The natural foods we ingest contain a lot of ingredients that keep the brain healthy and our memories sharp and lucid. Many of the vitamins we consume have a protective and maintenance function in the brain. Some of these functions include: |
Brain cells are constantly producing free radicals as a byproduct of metabolic processes. Antioxidants like Vitamin E, C, and glutathione get rid of these free radicals before they end up causing too much damage to the brain. Vitamin E has been shown to prevent the development of Alzheimer's disease, when administered in doses of 2000 UI daily for two years. It can be consumed through food sources and other supplements. Vitamins C and E may also prevent dementia by helping the brain recover after a stroke.
Increasing glutathione levels intravenously has been shown to help patients of Parkinsonism improve dramatically. Glutathione levels can also be increased by consuming antioxidants such as N-acetyl-cysteine to boost antioxidant levels in the blood.
Increasing brain circulation:
It has been found that low levels of homocysteine can contribute to development of heart diseases and dementia. Vitamins such as folate can control this drop in homocysteine levels, preventing memory loss relating to dementia.
Vitamin E has also been shown to help prevent atherosclerosis or the buildup of deposits on vessels that supply blood to the brain cells. This can cause poor circulation and blood clots, contributing to strokes and memory loss. Vitamin B6 can also prevent heart disease and strokes, and Vitamin B12 can increase the supply of oxygen to the cells.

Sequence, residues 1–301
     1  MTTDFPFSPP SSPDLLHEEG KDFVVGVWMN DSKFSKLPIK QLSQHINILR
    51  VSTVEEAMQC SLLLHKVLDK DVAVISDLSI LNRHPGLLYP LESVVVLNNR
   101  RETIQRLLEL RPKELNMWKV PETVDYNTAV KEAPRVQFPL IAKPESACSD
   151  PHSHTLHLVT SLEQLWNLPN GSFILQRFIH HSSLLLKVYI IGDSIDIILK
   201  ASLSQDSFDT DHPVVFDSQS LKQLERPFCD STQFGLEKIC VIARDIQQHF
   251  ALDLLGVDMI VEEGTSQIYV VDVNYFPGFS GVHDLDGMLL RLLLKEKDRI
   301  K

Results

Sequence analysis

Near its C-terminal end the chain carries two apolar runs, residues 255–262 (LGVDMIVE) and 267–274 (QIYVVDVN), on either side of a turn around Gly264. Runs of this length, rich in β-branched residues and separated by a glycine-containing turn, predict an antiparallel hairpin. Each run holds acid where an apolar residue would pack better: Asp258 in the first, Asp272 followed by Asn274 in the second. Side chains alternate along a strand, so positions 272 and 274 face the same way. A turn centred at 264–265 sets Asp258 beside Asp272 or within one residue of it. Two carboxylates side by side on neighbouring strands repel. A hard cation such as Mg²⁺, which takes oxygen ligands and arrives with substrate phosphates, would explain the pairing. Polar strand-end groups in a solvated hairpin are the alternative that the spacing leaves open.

Nerve cell development:
The importance of folate on the development of nerve cells has been proved by overwhelming evidence that folate deficiency can damage neural tube development in the fetus. Today all pregnant women are required to take pregnancy vitamins that contain folic acid to prevent birth defects such as spina bifida and cleft palate caused by folate deficiency.
The nerve cells are encased in a myelin sheath, a fatty covering that protects and insulates nerve fibers and allows them to function optimally. Essential fatty acids, such as omega-3 fats, required for proper development and maintenance of this myelin sheath as well as the cell membranes that preserve the integrity of nerve cells.
Improving mood and function:
B complex vitamins play an important role in the manufacture and release of neurotransmitters that transmit nerve impulses. Neurotransmitters help the brain regulate various body functions such as mood, hunger, and sleep B complex vitamins also protect the myelin sheath from damage.
Low levels of B 12 can cause damage to the sheath and prevent the nerves from functioning normally. Vitamin B6 regulates the GABA and serotonin neurotransmitters and has also been found to alleviate depression, anxiety and stress disorders.
Modern diets provide insufficient amounts of these essential nutritional factors, compromising the health of our brain cells and making it difficult for them to recover from strokes and damage. The result is that diseases like Alzheimer's, Parkinson's, stress and mood disorders, anxiety and dementia become inevitable as we age.
But although growing older is inevitable, feeling older is not. Taking a multi-vitamin or a well-formulated supplement that compensates for deficiencies in our diets can help to protect and preserve brain function well into your senior years, keeping your memory sharp and promoting clarity in your thought processes.
Growing older is inevitable, feeling older is not. Visit www.goodelements.com for a high-quality, doctor-formulated supplement containing brain vitamins to keep your memory sharp and prevent cognitive decline in your senior years.
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